10.5 Topology, Sizing, Placement, and Routing Of Circuits Contents

    10.6 Automatic Synthesis Of Controllers By Means Of Genetic Programming
      10.6.1 Robust Controller for a Two-Lag Plant

    10.7 The Illogical Nature Of Creativity And Evolution

    10.8 Conclusions

    References


 

Chapeter 11 - Toward a Symbiotic Coevolutionary Approach to Architecture

By Helen Jackson


    11.1 Introduction

    11.2 Lindenmayer Systems
      11.2.1 Example L-Systems

      11.2.2 The Isospatial Grid

      11.2.3 Spatial Embryology

    11.3 Artificial Selection
      11.3.1 The Eyeball Test

    11.4 Single-Goal Evolution
      11.4.1 "Generic Function" as Fitness Function

      11.4.2 Evolution toward Low i-Values

      11.4.3 Structural Stability

      11.4.4 Architecture As a Multigoal Task

      11.4.5 Dual-Goal Evolution

    11.5 Representation, Systems, And Symbiosis
      11.5.1 Coevolution

      11.5.2 Naïve Architectural Form Representation

      11.5.3 Spatial Embryology

    11.6 Conclusions

    Acknowledgments

    References


 

Chapter 12 - Using Evolutionary Algorithms to Aid Designers of Architectural Structures

By Peter von Buelow


    12.1 Introduction

    12.2 Analysis Tools Vs. Design Tools

    12.3 Advantages Of Evolutionary Systems In Design Contents
      12.3.1 Use of Populations

      12.3.2 Recombination and Mutation

      12.3.3 Wide Search of Design Space

      12.3.4 No Knowledge of the Objective Function

      12.3.5 Imitation of Human Design Process

      12.3.6 Can Learn from Designer

    12.4 Characteristics of an IGDT
      12.4.1 Definition of the IGDT Concept

      12.4.2 Relation of IGDT to Design Process

    12.5 Mechanics of an IGDT

    12.6 IGDT Operation
      12.6.1 Problem Definition

      12.6.2 Initial IGDT Generation

      12.6.3 Initial Generation with Designer Selection/Interaction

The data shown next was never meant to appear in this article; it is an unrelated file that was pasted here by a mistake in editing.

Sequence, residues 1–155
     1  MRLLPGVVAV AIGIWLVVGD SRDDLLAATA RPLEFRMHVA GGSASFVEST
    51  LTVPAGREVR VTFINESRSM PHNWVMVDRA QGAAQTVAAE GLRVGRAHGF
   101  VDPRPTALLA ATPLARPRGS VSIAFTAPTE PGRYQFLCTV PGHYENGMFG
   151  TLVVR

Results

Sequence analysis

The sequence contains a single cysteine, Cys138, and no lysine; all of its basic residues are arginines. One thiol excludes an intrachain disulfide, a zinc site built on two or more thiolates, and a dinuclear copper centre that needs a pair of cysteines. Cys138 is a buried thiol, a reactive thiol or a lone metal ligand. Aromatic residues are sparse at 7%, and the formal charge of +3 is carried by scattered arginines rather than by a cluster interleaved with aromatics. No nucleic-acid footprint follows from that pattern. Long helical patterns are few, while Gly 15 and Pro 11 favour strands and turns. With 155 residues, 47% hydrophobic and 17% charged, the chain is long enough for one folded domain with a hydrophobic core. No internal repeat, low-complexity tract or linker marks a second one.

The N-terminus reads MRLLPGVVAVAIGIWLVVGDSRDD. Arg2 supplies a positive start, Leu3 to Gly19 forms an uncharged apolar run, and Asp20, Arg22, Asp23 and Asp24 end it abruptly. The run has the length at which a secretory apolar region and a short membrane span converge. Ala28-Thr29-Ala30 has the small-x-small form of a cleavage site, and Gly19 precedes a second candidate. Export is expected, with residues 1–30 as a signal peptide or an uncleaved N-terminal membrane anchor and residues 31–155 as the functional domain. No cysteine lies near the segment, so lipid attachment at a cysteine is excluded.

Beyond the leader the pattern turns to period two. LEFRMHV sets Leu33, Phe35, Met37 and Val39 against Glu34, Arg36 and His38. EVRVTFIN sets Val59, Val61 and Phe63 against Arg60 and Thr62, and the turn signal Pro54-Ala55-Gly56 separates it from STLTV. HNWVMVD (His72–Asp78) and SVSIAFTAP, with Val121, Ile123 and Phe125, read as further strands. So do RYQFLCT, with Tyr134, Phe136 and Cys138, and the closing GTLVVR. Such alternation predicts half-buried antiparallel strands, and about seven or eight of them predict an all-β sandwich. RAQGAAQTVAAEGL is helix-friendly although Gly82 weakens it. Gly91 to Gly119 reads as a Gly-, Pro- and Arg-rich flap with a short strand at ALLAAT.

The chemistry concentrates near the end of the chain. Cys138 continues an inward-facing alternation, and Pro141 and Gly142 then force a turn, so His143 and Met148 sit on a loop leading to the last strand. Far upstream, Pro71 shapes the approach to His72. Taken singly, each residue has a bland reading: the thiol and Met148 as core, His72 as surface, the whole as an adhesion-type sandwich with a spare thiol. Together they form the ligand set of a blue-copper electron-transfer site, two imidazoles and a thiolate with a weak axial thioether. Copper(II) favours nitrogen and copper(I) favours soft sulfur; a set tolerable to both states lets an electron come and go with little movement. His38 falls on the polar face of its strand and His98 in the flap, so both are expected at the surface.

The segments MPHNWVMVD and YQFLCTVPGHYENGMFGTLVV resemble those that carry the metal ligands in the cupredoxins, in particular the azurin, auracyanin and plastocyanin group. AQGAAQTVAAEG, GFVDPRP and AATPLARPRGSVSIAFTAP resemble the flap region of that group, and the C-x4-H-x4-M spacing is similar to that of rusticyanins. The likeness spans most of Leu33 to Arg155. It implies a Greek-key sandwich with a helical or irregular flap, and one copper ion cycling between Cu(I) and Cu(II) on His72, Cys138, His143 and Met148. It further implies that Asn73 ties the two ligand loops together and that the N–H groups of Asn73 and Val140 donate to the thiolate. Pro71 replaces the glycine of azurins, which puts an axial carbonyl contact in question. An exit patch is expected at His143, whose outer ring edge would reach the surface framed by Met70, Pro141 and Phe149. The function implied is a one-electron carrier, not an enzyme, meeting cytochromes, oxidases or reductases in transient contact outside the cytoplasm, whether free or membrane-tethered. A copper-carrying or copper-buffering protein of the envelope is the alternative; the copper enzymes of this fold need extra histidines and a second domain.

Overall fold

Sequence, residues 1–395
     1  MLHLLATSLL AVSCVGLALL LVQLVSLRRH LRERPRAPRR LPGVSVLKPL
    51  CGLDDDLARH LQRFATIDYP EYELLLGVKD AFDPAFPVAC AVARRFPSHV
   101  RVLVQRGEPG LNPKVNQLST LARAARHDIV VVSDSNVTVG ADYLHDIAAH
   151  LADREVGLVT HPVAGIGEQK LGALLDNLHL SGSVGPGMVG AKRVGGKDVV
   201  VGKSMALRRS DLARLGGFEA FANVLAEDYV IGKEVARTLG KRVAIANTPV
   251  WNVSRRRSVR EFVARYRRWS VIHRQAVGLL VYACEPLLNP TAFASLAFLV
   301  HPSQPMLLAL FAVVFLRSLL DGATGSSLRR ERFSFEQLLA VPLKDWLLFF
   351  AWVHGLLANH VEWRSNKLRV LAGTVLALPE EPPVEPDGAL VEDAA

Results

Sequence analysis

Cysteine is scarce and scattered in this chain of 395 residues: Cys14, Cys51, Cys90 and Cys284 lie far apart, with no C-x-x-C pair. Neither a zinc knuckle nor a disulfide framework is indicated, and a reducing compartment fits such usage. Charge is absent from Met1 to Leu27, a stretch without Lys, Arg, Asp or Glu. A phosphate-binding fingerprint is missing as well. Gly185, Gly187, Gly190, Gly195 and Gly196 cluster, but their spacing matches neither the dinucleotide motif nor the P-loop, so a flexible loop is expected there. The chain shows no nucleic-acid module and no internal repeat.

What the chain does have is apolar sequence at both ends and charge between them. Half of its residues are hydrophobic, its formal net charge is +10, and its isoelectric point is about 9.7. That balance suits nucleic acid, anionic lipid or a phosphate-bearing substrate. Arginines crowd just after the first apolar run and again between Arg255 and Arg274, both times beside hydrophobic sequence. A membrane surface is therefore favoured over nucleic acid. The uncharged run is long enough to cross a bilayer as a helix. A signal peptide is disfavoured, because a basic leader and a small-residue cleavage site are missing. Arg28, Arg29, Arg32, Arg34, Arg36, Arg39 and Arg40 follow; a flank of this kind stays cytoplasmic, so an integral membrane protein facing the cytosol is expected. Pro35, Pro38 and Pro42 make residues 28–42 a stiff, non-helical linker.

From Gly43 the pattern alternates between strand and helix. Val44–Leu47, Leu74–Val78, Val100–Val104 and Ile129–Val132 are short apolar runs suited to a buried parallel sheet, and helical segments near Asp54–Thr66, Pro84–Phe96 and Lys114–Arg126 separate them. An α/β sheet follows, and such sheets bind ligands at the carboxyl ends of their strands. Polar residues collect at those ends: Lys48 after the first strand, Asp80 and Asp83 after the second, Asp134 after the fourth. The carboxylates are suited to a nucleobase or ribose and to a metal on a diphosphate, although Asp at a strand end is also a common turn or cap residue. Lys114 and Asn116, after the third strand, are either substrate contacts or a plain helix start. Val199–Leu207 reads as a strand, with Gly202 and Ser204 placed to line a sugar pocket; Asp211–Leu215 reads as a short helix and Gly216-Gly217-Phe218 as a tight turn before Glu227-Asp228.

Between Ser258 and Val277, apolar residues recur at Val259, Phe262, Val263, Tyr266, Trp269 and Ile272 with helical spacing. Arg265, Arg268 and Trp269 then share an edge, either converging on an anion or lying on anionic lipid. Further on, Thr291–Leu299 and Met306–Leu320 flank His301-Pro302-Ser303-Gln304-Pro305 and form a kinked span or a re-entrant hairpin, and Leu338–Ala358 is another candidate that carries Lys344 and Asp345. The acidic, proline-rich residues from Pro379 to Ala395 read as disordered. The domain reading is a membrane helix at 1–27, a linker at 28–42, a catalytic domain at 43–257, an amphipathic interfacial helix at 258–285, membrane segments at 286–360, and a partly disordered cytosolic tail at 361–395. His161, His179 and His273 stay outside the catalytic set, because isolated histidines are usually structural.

12.6.4 Second-Generation IGDT Response

      12.6.5 Second-Generation Designer Interaction

      12.6.6 Third Generation

    12.7 Conclusions

    Acknowledgments

    References



 

PART IV Evolutionary Art


 

Chapter 13 - Eons of Genetically Evolved Algorithmic Images

By Steven Rooke


    13.1 Introduction

    13.2 Using GP for Art
      13.2.1 Genetic Variation

      13.2.2 Genetic Library

      13.2.3 Functions and Node Internals

      13.2.4 A Typical Run

    13.3 Horizon Lines And Fantasy Landscapes

    13.4 Genetic Fractals
      13.4.1 Second-Order Subtleties of Orbit Trajectories during Iteration in the Complex Plane

    13.5 The Genetic Cross Dissolve

    13.6 What Is It?
      13.6.1 Constraints of Color and Form

      13.6.2 A Joyride for the Visual Cortex?

      13.6.3 Approaching the Organic

    13.7 Conclusions

    References


 

Chapter 14 - Art, Robots, and Evolution as a Tool for Creativity

By Luigi Pagliarini and Henrik Hautop Lund


    14.1 Introduction

    14.2 The Social Context Of Electronics
      14.2.1 Where Electronics Acts

      14.2.2 How Technology Influences Art (the World)

      14.2.3 How Technology Gets Feedback (from Art and the World)

    14.3 What Artist?
      14.3.1 Two Different Concepts or Aspects of the Artist

      14.3.2 Art and Human Language: The "Immaterial" Artist

      14.3.3 Art and Human Technique: The "Material" Artist

    14.4 Electronic Art
      14.4.1 A New Electronic Space

      14.4.2 The "Material" Electronic Artist

      14.4.3 The "Immaterial" Artist and the Uses of Electronics

      14.4.4 Example—The Artificial Painter

    14.5 Alive Art
      14.5.1 Other Artistic Movements Based on Electronics

      14.5.2 Alive Art

      14.5.3 The Aliver

      14.5.4 The "Alive Art Effect"

      14.5.5 Example—LEGO Robot Artists

    14.6 Conclusions

    References


 

Chapter 15 - Stepping Stones in the Mist

By Paul Brown


    15.1 Introduction

    15.2 On My Approach as an Artist—A Disclaimer

    15.3 Major Influences